A retirement plan (J Piper) - Posted by tampasteph

Posted by eric-fl on September 24, 2003 at 09:59:14:

Most people don’t think the Real Estate market is going to drop 20%. The worst-case scenario, in most markets, is a “soft landing”. Sure, maybe it will happen in the markedly higher-price markets (probably will), but that’s because those markets are overpriced. Sub-2 is already not a good idea in those markets, unless the seller is heavily subsidizing the payment. They won’t cash flow from day one, so they shouldn’t be acquired in the first place, regardless of acquisition method.

A retirement plan (J Piper) - Posted by tampasteph

Posted by tampasteph on September 23, 2003 at 09:31:13:

I’ve had this plan posted on my wall by my desk for a year or so. Just thought I would share it with everyone out there. So far, I’m one down, 49 to go!

Posted by JPiper on August 27, 1999 at 10:39:49:

In Reply to: Retirement Savings for FULL-TIME Investors! posted by Carey_PA on August 26, 1999 at 18:58:56:

Here’s an imaginary retirement plan?.adjust the numbers or years according to your preference.

  1. Go buy 10 houses per year. You resell the houses on a lease/option creating $3K upfront cash?.this representing the difference between what you put up?and what you receive from the new buyer. Create a cash flow of $150 per month.

  2. At the end of year one you will have made $30,000?.not counting any cash flow.

  3. In year 2 buy 10 more houses. You will make $30,000 in upfront cash?.plus another $150 per month for the 10 houses you bought the first year. That’s $18,000 cash flow. Therefore total income (not counting the cash flow from the 10 houses bought in year 2) is $48,000.

  4. After you have done this for 5 years?.your cash flow is now $90,000 per year. Hopefully this will at least cover your overhead.

After five years of ALL this work?you have created an income stream of $90,000 by buying essentially a house every month with a couple of months off for good behavior.

Now here’s the real power of this. Someday these houses will be free and clear. Let’s assume for a moment that the rent per house is $1000 per month. Therefore, someday when all these houses are paid for, your income will rise to $50,000 per month?.less your expenses.

If during the course of buying these houses, someone exercises their option to acquire your house?..just do a 1031 exchange into another house for less dollars than the house you sell.

If you owned 50 houses on a lease/option would that represent “retirement” for you? Only you can answer that. You could probably HIRE an employee to collect your money and deposit it for you?..that might cost you $3K per month.

Is this plan realistic? I’ll leave that for you to decide. But if this plan is realistic?.you’re only 5 years away from the end of it right now.

Oh yeah?.and by the way, I guess you could also set up IRA’s, pension plans, etc. But me? I’d concentrate on getting those houses.

JPiper

My apologies to Piper - Posted by Hank FL

Posted by Hank FL on September 23, 2003 at 16:02:27:

Several hours ago I posted a humorous post that made a serious point. Perhaps the subject line “Piper is a Piker” was a bit strong, so sorry JPiper. I remember the Gatten joke that went down in flames w/some.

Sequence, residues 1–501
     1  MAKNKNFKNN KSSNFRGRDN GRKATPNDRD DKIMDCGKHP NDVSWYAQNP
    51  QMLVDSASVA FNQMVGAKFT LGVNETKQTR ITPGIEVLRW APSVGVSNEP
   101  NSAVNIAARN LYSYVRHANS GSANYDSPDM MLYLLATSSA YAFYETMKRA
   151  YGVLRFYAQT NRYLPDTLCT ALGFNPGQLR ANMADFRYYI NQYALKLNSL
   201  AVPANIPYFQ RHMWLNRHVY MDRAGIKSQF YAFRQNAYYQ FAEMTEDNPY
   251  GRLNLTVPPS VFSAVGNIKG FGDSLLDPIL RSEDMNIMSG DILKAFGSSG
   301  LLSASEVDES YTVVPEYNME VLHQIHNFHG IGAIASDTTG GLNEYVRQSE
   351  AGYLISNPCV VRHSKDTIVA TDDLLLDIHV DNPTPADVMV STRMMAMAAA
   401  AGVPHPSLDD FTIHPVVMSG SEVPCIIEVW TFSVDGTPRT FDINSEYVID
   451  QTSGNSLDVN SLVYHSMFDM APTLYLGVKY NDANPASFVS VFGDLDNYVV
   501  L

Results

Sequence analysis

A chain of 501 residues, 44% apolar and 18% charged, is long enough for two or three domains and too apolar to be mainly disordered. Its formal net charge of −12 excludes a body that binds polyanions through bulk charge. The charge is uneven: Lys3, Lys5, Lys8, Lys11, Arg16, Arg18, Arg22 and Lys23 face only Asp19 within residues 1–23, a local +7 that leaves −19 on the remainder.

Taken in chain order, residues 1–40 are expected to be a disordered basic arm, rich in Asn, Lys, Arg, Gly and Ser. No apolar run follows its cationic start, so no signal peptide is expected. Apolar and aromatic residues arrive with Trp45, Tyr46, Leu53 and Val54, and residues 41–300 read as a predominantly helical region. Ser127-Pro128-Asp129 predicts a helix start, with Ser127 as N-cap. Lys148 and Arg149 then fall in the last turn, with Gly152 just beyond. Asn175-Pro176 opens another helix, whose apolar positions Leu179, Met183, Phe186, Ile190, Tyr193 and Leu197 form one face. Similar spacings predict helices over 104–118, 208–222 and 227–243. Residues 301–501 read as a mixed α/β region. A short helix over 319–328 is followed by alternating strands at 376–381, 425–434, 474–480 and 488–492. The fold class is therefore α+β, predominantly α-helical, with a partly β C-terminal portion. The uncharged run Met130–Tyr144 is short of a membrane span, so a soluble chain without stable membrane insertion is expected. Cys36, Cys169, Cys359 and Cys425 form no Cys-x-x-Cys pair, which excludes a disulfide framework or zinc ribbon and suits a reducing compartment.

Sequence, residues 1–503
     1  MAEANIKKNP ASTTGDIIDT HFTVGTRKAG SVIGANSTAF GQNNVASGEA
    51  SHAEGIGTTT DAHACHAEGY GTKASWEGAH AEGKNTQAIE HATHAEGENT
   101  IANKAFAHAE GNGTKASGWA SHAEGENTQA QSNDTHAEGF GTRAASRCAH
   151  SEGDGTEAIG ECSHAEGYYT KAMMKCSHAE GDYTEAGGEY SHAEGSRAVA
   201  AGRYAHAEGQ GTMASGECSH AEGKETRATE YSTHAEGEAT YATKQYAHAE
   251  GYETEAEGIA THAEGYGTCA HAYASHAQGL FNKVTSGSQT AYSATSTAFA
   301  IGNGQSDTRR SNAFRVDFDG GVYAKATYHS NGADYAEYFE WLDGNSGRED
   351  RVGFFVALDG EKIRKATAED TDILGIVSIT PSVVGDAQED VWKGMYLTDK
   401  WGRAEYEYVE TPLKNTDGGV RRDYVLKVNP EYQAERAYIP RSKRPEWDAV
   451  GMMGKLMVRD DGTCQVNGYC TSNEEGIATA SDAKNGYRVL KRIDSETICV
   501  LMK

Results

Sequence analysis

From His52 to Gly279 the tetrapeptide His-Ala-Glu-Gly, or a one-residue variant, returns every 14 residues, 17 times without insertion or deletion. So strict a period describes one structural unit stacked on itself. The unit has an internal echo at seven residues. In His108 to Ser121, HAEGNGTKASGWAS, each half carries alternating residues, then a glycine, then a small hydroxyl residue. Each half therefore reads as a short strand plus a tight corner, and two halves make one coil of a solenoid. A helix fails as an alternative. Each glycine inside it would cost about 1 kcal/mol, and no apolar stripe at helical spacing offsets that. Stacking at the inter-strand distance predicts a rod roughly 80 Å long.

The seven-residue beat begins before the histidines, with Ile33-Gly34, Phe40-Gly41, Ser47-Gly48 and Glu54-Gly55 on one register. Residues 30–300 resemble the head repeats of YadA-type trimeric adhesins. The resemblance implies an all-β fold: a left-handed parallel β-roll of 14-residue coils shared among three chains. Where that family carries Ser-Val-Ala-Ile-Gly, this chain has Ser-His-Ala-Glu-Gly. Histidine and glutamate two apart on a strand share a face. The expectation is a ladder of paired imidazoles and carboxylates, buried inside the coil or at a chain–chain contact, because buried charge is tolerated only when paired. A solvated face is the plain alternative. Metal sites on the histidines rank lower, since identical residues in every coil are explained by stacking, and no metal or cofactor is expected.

My post went something like this:

10 deals a year ? 30k ? You’ve got to be kidding me.

You need to broaden your horizons Tampasteph.

By my desk I have some inpirational material in my bookcase you might want to study …

"It’s Yours If You Say It Is"
Short Cut Your Way To Financial Freedom by Lou Pole

"Instant Millionare"
Multi-Task Your Way To Riches W/Real Estate, E-Commerce, Book Writing and Day Trading - All In Your Spare Time! by Phil McKraken & Robyn Yu

"300 Offers A Day"
Shotgunning Your Way To Wealth by Hugh Jass

"The Contrarians Guide To Financial Success"
How To Make Millions By Doing Exactly The Opposite Of What I Teach. By Wade Schnook.

"Highest And Best Ruse"
Big Buck Bonanzaa In Boarding Houses By R. Whitless

So I get back home and check my e-mail to find that once again, some folks just have no sense of humor.

stupiditycop (iarreststupidpeople@UR1.com), if you can’t use a real handle/e-mail address, don’t bother posting.

Some other guy wanted to know where to buy one of the goof-courses.

Then the moderator deleted my post.

So let me make my point w/out anything that might distract or detract from it.

I think that Piper plan is a very sound and attainable way to go. Many people buy some courses and jump in this CRE thing expecting to do 500,000 gross the first year. Several years ago I thought shotgunning REO offers would bring in the big bucks that the course said it would. Little did I know, but later came to figure out, was that the REO market in my area isn’t the place for deals at this time (unless you get pocket listings).

So my point is that the “Get Rich Slow” plan will usually work better than the “Get Rich Quick” idea. John Schaub (amoung others) speaks well on this point.

IMHO,forget about flipping 150 deals a year or day-trading or any faddy B.S. and do the sensible thing similar to what Piper described above.

That is my plan.

Sorry if I confused anybody out there.

Is this a practical plan? - Posted by Sammy

Posted by Sammy on September 23, 2003 at 15:55:26:

To cashflow $150 per month you are talking about a house worth approximately $100,000 to use a nice round number. To net 3k “upfront cash” on this 100k house you pretty much need to buy it for “nothing down” i.e. take it subject 2. In my humble opinion, starting today and taking 50 houses sub2 over the 5 years is suicide unless you average at least 20% equity in each property AND have significant cash reserves. If you ask me, this “retirement plan” is not doable for 99.9% of the readers of this board …

Re: A retirement plan (J Piper) - Posted by Clyde

Posted by Clyde on September 23, 2003 at 10:43:24:

Interesting …do not know who JPiper is or was but that investment theory/program has been around for at least 30 years that I know of.

Clyde

Those JPiper posts are sorely missed - Posted by JT-IN

Posted by JT-IN on September 23, 2003 at 10:07:56:

The wisdom that he used to bestow upon us, the likes of this one and so many others…